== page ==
Generating Site-specific Transgenic Rat Models using TARGATT™ (April 2016)





This webinar introduces the TARGATT™ integrase based technology for generation of transgenic rats. The TARGATT™ platform enables very efficient insertion of large fragment DNA into a preselected, transcriptionally active locus in the rat genome. The webinar also discusses the advantages of generating transgenic rat models using this technology and the various applications that these rat models can be used in.

Highlights of the talk:

  • Introduction to TARGATT™ integrase based technology
  • How TARGATT™ technology is used to generate large fragment knock-in animal models
  • Advantages of using TARGATT™ for site-specific knock-in compared to other gene editing technologies
  • How we generate transgenic rat models using the TARGATT™ platform

How to use TARGATT™ Products for Site Specific Knock in Mouse Generation (January 2016)




Our proprietary site-specific DNA integration system, TARGATT™ lets you create site-specific transgenic mice in a more efficient and faster way compared to traditional methods. The TARGATT™ technology uses PhiC31 integrase to insert any gene of interest into a specific docking site that was pre-engineered into an intergenic and transcriptionally active genomic locus. Using our novel TARGATT™ system, a gene of interest can be inserted at a well-characterized, transcriptionally-active locus in the mouse genome with guaranteed transgene expression. Our scientists at Applied StemCell can create a TARGATT™ mouse for you, or you can purchase the animals and reagents to make your own. The video describes the TARGATT™ integrase technology for the generation of site-specific transgenic mouse models. The webinar also gives practical instructions on how to use commercially available TARGATT™ products (TARGATT™ mice, mouse embryos, transgenic kits, plasmids, and genotyping kits) for a "do-it-yourself" generation of site-specific mouse models.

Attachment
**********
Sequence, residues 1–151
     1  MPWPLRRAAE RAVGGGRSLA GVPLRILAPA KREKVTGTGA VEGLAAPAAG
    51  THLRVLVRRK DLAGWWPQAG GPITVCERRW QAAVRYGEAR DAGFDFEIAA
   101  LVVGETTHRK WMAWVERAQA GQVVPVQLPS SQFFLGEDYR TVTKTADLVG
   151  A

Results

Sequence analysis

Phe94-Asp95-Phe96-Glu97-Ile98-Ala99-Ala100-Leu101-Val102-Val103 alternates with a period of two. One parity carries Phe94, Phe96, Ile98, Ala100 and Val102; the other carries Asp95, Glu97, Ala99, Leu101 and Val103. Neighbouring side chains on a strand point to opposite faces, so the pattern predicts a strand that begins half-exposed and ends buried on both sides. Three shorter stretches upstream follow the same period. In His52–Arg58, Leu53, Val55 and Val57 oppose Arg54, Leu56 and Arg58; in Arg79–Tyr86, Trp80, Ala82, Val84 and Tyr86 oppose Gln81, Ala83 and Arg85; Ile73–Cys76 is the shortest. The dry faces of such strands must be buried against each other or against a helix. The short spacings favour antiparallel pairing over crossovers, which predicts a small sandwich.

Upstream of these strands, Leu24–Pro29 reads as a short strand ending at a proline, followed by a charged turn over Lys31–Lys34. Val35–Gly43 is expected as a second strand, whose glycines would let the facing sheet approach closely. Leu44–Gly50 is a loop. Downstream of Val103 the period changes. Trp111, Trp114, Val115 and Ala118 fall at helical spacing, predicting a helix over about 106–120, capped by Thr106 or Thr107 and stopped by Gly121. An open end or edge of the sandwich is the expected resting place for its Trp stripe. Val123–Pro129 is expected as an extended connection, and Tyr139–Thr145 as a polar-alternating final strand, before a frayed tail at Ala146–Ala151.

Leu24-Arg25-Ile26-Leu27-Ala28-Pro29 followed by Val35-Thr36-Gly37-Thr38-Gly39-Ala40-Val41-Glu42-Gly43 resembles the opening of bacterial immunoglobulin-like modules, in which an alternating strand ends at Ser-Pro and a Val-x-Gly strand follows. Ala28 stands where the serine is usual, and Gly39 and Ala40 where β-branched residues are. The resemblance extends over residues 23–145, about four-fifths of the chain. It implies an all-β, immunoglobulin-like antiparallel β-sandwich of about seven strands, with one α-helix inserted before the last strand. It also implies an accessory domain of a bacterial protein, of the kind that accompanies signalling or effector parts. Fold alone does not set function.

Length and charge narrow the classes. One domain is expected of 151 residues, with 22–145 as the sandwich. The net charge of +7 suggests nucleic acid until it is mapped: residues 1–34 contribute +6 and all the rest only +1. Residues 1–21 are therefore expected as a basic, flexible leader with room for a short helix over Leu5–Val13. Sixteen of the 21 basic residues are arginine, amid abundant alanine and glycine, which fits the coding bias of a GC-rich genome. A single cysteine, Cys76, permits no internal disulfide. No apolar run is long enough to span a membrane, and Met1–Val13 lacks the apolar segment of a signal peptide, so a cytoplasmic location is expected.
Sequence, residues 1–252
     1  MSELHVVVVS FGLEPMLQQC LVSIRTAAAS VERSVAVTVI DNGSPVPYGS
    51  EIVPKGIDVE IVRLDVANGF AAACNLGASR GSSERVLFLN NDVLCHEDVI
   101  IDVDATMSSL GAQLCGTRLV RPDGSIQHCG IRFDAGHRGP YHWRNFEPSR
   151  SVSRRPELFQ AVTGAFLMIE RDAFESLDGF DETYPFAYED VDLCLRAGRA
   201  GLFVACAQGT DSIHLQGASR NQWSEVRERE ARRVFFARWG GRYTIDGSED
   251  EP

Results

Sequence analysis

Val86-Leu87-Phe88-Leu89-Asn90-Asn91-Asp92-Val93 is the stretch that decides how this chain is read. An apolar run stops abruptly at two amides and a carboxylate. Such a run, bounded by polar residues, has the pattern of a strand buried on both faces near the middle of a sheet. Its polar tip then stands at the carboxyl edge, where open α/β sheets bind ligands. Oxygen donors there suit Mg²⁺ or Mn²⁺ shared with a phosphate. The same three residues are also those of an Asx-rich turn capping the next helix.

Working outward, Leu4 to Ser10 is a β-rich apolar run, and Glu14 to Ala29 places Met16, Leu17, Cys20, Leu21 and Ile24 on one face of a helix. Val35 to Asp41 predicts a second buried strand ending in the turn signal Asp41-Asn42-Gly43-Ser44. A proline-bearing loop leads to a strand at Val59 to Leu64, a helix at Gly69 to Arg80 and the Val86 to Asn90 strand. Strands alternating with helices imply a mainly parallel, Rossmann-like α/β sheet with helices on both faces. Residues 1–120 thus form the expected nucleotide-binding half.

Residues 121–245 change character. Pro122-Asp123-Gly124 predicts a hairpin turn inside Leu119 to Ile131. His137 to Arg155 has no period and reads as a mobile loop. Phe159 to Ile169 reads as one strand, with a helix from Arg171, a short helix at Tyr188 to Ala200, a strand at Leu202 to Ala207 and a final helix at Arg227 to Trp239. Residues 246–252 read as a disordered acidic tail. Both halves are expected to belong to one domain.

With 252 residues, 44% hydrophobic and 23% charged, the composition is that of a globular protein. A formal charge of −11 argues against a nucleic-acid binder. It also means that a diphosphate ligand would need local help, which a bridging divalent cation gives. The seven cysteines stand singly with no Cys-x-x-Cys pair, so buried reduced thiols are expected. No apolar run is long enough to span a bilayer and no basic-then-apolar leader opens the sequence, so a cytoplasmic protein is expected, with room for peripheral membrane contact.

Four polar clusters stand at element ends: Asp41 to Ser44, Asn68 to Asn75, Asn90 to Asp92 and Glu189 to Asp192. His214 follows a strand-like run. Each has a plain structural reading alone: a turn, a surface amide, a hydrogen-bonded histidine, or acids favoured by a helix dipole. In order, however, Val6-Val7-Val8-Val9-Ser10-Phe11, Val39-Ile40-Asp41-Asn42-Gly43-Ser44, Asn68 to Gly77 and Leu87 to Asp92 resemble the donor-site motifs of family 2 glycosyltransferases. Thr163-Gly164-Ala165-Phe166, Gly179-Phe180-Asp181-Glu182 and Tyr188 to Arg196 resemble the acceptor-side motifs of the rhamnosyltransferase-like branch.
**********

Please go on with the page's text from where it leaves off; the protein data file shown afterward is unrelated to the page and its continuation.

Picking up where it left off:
Also, inquire about our white paper on Transgenic Mouse Model Generation using the TARGATT™ technology.

TARGATT™ and CRISPR/Cas9 modified induced pluripotent stem cells (iPSCs) for in vitro genetic disease modeling (December 2015)




Applied StemCell is one of the prominent providers of gene editing services to generate transgenic animal and cellular models for researchers in academia and industries. This recorded presentation showcases Applied StemCell's achievements with using CRISPR/ Cas9 and its proprietary TARGATT™ gene editing technologies to modify induced Pluripotent Stem Cells (iPSCs). The webinar also explains the need for better models of human diseases and the advantages of using of genetically engineered iPSCs as in vitro models for genetic disease modeling. With examples and case studies, we describe how we optimize protocols to improve efficiency and are able to provide high quality service for generating iPSC disease models.

Highlights of this talk:

  • Current trends in genetically modified iPSCs as disease models
  • ASC's complementary technology platforms (CRISPR & TARGATT™) used for generating site-specific, genetically modified iPSC models
  • Advantages of using genetically modified iPSCs and bottlenecks in gene editing of iPSCs
  • ASC's upgraded protocols for high efficiency gene editing in iPSCs
  • Examples of gene modification from patient/ healthy individual derived iPSCs

Creating Transgenic Mice Using TARGATT™ Technology (July 2014)




This webinar highlights research applications of the TARGATT™ site-specific gene integration system for creating transgenic mouse models more quickly and efficiently. The webinar also compares the TARGATT™ technology with other genome-editing methods, including traditional random transgenics, homologous recombination and the CRISPR/Cas9 method.

Presenter: Dr. Ruby Yanru Chen-Tsai, PhD, Co-Founder & Chief Scientific Officer, AppliedStem Cell, Inc